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Even Starlin Castro Can't Help Cubs In 14-2 Loss

Nope. Starlin Castro couldn't help last night.
Nope. Starlin Castro couldn't help last night.

This season is making less and less sense every day.

One day after looking pretty good in Starlin Castro's major league debut, the entire team -- including Castro, who made his first major league error Saturday night -- looked awful in giving up eleven runs in the seventh and eighth innings and turning a close 3-2 game into a 14-2 blowout loss to the Reds.

This recap will be mercifully short, as there's another game early this afternoon (game preview up at 10:30 am CDT), so let's have at the three key moments in the game after the jump.

Key moment #1: Marlon Byrd being thrown out at the plate in the second inning. This was a horrendous decision -- whether done by 3B coach Mike Quade (who generally does a pretty good job sending or not sending runners, evidenced by the fact that we almost never hear about him, unlike "Wavin' Wendell" Kim) or Byrd. The score is 2-0 Reds, there is nobody out, and several hot hitters are due up (Alfonso Soriano, Geovany Soto, Castro). Why on Earth would you try to score in that situation? It took whatever little momentum the Cubs had away, and they did not score. If Byrd holds up, there are runners on first and third and nobody out; Soriano then singled, which would have scored a run and possibly moved Ramirez to third, where he would have scored the tying run on Soto's flyout. (Yes, I realize those hitters might not have done those things.) The score could have been tied, and maybe the Cubs would have scored more runs.

Key moment #2: Derrek Lee's at-bat in the top of the sixth, after the Cubs had managed a pair of walks, the one by Xavier Nady driving in a run with the bases loaded, making the score 3-2. The Reds had already made two pitching changes and it appeared the Cubs had a pretty good chance of either tying the score or going ahead, but Lee swung at the first pitch and grounded out weakly to the pitcher. Why would you do this? Arthur Rhodes had just walked someone! Why not take a couple of pitches?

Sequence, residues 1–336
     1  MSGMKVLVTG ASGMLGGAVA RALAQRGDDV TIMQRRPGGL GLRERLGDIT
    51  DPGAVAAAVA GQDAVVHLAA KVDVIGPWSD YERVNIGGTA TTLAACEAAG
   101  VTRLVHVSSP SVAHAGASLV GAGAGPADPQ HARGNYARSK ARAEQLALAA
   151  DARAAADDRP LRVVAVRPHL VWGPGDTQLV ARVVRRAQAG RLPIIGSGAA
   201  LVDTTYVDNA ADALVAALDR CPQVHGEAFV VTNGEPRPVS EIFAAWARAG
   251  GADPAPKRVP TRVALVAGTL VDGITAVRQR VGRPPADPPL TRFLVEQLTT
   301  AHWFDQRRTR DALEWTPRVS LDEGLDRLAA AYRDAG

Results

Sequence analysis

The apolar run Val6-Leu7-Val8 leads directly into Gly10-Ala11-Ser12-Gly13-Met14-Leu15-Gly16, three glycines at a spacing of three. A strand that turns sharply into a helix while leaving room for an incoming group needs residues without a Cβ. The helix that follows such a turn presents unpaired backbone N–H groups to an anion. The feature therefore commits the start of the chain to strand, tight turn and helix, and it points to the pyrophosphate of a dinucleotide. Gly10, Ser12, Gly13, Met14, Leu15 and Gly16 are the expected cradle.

Key moment #3: Two moments, actually -- the errors made by Castro and Mike Fontenot to begin the Reds' seventh inning. Castro is a 20-year-old kid and this is going to happen from time to time. It appeared Fontenot might have gotten screened -- this time by Lee, who had a shot at making the play on the grounder, but realized he'd never have enough time to get the ball to first. Fontenot could have, but bobbled it. So you can't blame the just-returned-from-the-DL Esmailin Caridad -- he did his job, getting two ground balls. Sean Marshall came in and walked Joey Votto -- not awful, since Votto had already homered -- and then Carlos Zambrano relieved Marshall and struck out Scott Rolen. If not for the errors, that ends the inning with no runs scored. Boxscore note: this is how you get a situation where team earned runs don't add up with the individual earned runs. None of the five runs in that inning were earned to the team, but the runs charged to Z and Marshall are earned to them. Only nine of the 14 runs were "team earned runs".

If the game then goes to the eighth 3-2, who knows what happens? Instead, Justin Berg got blasted for six runs in the Reds eighth and that, as the cliche goes, was that.

One more rant and then I'm done. When Jonny Gomes scored (I think it was Gomes, anyway -- there were so many I lost track), he was out. Replays showed clearly that Geo tagged him before his foot touched the plate. That also would have resulted in two less runs in that inning (Gomes, and Drew Stubbs -- that would have been the third out). Let's get replay available for things like this -- now. Why not get it right?

Enough. On to today's game, the Cubs can still win this series.